It’s fall, folks. Leaves are falling, there’s a chill in the air, and we’re caught each day in the balance between golden rays of sun and cloudy, drizzly skies. We have had several stunning sunsets at the farm lately, featuring half stormy, half sunny skies. Each day, that sunset comes a little bit later and I’m reminded that winter will be here before too long and all my precious fresh vegetables will be dead or hibernating under a blanket of snow.
With the time we have left, I have been gathering together food and squirreling it away for winter. My most squirrel-like project, literally, has been gathering walnuts that have fallen from the black walnut trees on the farm. Each walnut is covered in a very tenacious husk that you must peel away before you get to the equally impenetrable nutshell concealed within. A little over a week ago, I picked up a bushel of fallen walnuts and brought them into the house where I sat atop a layer of towels and pulled the husks off with gloved hands. Walnut husks will dye your hands black, and even with my gloves on, I managed to blacken my thumbs and forefingers, and they are STILL black over a week later.
It is impossible to remove every little bit of fleshy husk from the walnut shells, so after I had husked them, my dad brought his pressure washer down to the farm and we blasted them with high pressure water. Now they are sitting on my porch (protected from squirrels) drying and curing for a couple of weeks before I crack the shells to extract the nut meat from inside. Apparently, black walnuts have the hardest shells of any walnut species and will destroy a regular nutcracker, so you have to crack them with a hammer on a hard surface. I look forward to the challenge!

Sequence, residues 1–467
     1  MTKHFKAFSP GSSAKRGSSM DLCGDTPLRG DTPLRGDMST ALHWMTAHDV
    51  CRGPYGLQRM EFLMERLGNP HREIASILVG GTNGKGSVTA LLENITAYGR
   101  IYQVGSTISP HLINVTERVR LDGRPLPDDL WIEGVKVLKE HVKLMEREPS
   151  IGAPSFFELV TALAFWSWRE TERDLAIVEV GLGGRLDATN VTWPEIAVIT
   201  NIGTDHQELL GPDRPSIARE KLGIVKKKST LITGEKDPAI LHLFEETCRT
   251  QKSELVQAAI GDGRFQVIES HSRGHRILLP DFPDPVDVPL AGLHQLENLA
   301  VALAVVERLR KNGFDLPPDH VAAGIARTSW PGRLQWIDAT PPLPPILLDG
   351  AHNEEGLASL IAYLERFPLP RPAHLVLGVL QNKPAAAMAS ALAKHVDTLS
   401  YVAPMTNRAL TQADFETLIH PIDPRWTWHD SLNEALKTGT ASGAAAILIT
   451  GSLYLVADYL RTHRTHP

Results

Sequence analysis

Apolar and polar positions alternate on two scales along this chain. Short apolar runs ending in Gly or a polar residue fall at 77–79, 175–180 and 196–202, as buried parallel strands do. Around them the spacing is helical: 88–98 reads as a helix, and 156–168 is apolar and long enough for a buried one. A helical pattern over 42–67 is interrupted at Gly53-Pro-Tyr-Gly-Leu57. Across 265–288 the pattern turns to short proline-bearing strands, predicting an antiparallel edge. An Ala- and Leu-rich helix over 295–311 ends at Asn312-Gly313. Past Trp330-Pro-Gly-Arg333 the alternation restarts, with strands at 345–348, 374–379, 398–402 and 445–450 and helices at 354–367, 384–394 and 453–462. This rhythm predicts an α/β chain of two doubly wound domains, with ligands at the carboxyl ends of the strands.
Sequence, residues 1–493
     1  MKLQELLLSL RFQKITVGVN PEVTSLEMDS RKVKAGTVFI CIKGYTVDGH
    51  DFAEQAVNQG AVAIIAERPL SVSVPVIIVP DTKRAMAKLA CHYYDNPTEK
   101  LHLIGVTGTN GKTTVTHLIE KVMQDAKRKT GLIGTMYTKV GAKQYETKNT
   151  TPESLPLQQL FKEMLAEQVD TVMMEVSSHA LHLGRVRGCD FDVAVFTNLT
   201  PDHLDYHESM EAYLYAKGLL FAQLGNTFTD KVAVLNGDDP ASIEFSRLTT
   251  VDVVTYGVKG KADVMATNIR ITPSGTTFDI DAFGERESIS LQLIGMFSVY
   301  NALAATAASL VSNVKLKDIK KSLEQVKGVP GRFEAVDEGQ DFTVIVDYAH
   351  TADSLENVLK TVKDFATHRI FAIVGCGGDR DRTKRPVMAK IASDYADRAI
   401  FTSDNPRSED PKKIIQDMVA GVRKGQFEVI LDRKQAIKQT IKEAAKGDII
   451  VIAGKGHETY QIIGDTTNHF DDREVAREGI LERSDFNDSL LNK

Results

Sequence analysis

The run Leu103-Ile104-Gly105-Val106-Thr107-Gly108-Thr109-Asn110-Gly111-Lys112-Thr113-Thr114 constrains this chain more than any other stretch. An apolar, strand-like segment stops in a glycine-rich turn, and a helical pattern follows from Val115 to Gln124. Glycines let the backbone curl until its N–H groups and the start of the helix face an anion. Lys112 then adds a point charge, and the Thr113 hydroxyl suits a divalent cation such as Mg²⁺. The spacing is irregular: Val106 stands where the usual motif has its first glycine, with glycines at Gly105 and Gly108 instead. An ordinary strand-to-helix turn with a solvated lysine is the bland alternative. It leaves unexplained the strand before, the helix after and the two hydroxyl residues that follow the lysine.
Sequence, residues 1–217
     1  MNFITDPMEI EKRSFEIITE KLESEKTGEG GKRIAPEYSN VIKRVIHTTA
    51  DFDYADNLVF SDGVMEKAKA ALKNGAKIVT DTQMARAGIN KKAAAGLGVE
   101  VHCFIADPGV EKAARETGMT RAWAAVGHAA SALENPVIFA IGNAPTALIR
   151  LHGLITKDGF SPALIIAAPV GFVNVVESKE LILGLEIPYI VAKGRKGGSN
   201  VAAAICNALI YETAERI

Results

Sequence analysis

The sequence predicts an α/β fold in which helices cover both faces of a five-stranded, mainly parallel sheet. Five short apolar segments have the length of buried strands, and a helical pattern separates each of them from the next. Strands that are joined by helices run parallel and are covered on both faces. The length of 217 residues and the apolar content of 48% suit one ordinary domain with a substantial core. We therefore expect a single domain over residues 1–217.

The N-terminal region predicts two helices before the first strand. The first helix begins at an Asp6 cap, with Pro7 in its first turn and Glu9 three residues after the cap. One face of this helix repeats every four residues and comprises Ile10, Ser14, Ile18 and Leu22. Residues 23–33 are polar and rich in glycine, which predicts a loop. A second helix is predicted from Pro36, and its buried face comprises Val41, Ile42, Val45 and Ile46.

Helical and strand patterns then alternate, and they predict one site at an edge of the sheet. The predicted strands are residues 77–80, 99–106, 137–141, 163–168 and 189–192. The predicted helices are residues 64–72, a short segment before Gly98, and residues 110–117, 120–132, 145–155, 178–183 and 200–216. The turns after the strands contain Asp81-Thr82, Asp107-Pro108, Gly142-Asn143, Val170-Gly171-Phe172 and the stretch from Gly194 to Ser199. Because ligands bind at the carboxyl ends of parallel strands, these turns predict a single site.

Back in mid-July, I gathered a couple dozen green walnuts from the trees for another project. At that time of the year, the walnuts were still green and hadn’t yet formed a hard shell inside. You can cut right through them with a regular kitchen knife and a little bit of forearm oomph. I cut the green walnuts in quarters, stuffed them in mason jars, and poured vodka over them. My aim was to make Nocino, a bitter liqueur favored in Italy, which can be used for medicinal purposes. And drinky treats too, of course. The green walnuts must steep in high grain alcohol or vodka for at least a few months before it is consumed. Back in July, I figured I’d give the nocino a good 6 months before I break it open. That way, when it’s freezing cold in December or January, I’ll have my own homemade walnut tonic to keep me warm. It’s just another bit of farm-y summer goodness put away in jars for the winter.